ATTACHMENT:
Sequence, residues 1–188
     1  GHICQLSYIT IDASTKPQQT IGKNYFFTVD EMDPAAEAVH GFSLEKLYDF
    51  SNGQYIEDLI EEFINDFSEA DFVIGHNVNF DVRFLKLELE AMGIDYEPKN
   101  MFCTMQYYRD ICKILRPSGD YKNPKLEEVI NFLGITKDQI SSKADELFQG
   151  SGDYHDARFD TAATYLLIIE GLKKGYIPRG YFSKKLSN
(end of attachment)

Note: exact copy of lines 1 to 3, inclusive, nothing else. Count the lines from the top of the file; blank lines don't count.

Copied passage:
Sequence, residues 1–188
     1  GHICQLSYIT IDASTKPQQT IGKNYFFTVD EMDPAAEAVH GFSLEKLYDF
    51  SNGQYIEDLI EEFINDFSEA DFVIGHNVNF DVRFLKLELE AMGIDYEPKN